I got home very late from work and ready to collapse only to find the bed under a low-hanging, tent-like sheet, apparently making a ‘fort’.
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The pen was Walcott’s gift
Acclaimed poet, playwright and Nobel Laureate Sir Derek Walcott did bestride the literary world like a colossus. He was equally comfortable at home in the land of his birth, St Lucia, his daughters Elizabeth and Anna’s Trinidad, and the wider world in the US, UK and Europe. The world was his oyster which with his words he opened. His Homeric epic poem Omeros is considered by many to be his magnum opus.
Tributes continue to pour in since his death on Friday at his home in Cap Estate, north St Lucia, after a prolonged illness.
One of them is artist Donald “Jackie” Hinkson, whose work Walcott critiqued in his role as art critic and also as staff writer with the Guardian newspaper in the 60s.
Speaking to the Sunday Guardian yesterday, Hinkson said “His generosity, honesty in his criticism, his ability to work and produce and the brilliance in what he has done add up to a giant of a life.
“He didn’t tolerate superficiality when coming to the arts and the talk about glory and self-aggrandizement.
“In all the decades that I’ve known him, I’ve never heard him refer to how good his work is, he might tell you he was pleased with a particular piece or not but never picked up for himself.
“If you told him that you liked his work or “nice work, it touched me”, he would mutter a thank you. That is a lesson a lot of people in the arts could learn about self-absorption.”
Hinkson said he first met Walcott in 1960 in his capacity as an art critic and an excellent one at that, arguably the best in T&T, when he was a teenager aspiring to be an artist.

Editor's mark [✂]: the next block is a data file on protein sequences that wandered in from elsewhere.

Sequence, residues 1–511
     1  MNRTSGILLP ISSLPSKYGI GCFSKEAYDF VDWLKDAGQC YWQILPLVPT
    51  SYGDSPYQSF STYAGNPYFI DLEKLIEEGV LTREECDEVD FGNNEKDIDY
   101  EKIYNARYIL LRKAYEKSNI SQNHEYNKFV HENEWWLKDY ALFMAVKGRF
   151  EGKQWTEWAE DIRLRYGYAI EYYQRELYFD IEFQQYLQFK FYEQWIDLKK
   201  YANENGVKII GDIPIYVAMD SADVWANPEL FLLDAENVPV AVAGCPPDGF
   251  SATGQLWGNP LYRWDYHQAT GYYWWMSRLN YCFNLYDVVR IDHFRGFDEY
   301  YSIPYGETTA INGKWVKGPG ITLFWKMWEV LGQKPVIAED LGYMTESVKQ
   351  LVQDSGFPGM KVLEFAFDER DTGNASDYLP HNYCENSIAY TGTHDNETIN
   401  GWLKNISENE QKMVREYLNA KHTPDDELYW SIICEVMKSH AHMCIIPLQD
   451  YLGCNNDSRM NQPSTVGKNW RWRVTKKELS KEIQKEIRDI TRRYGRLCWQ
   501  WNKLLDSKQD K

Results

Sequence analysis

Hinkson said what was astonishing about the future Nobel Laureate for Literature was in spite of his brilliance as a writer and a poet, Walcott had such a deep knowledge and history of painting and was himself a practitioner and had painted all his life.
He said Walcott alluded to painting in many of his poems and, in his heart, he wanted to be a painter, paraphrasing from his book-length with Walcott’s own watercolour and oil paintings in “Tiepolo’s Hound” that his gift was with the pen; “I gave up the brush for the metaphor.”
Hinkson said in 1961 along with Peter Minshall, Pat Bishop, Alice Greenhall, Arthur Webb, they held an exhibition at the old Woodbrook Market on French Street in Port-of-Spain, then the headquarters of the Trinidad Art Society, which was favourably critiqued by Walcott.
He said since that date, Walcott had taken a liking to his work and that kind of constant interest was an invaluable help to him.
Hinkson said not only was he a great critic, what he could not get over was the generosity towards him, the fact that Walcott was willing and keen to see what he was doing and give honest criticisms.
He said Walcott was fair but he did not mince words, when it came to art, writing and anything creative; someone could be his best friend and he would call it as he saw it.
Hinkson said Walcott made a point to keep in touch with him for the past 56 years anytime he was in Trinidad and he would reciprocate visiting him in his native St Lucia.
He said they would contact each other and Walcott would make sure to come to his studio to see what he was doing.
Hinkson said Walcott was particularly keen on water colour which was the medium he liked and to some degree it dominated his work as well.
Hinkson said what amazed him about Walcott was that he was a prolific writer and he believed in hard work.
He said the poet did not want to hear talk about who was important in what field, Walcott wanted to know what someone was doing, what he was working on or producing and his life. Hinkson said the amount of work he had done was exemplary, which was another aspect of him he would like to emulate.
Next week in your Sunday Guardian, look out for a special selection of Walcott’s work.
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